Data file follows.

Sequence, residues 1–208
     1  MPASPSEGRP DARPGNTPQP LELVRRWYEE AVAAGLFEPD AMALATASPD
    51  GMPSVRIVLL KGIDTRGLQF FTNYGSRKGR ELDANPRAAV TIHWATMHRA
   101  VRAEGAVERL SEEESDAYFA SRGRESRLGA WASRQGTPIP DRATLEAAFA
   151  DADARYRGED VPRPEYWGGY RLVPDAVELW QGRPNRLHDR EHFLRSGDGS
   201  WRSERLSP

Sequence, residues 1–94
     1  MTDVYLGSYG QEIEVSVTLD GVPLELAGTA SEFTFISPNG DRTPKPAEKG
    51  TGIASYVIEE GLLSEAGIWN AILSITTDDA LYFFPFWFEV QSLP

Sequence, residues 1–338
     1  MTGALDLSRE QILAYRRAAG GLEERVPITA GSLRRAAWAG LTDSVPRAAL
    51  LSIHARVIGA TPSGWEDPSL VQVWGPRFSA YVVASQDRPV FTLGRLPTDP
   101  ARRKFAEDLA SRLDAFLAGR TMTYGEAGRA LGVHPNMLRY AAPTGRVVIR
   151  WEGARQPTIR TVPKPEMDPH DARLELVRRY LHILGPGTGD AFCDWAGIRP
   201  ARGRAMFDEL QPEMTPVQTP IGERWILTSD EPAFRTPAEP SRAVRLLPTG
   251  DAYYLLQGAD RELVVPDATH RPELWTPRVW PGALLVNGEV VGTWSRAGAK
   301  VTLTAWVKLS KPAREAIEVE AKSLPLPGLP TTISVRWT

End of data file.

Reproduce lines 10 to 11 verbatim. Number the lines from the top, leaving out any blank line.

Sequence, residues 1–338
     1  MTGALDLSRE QILAYRRAAG GLEERVPITA GSLRRAAWAG LTDSVPRAAL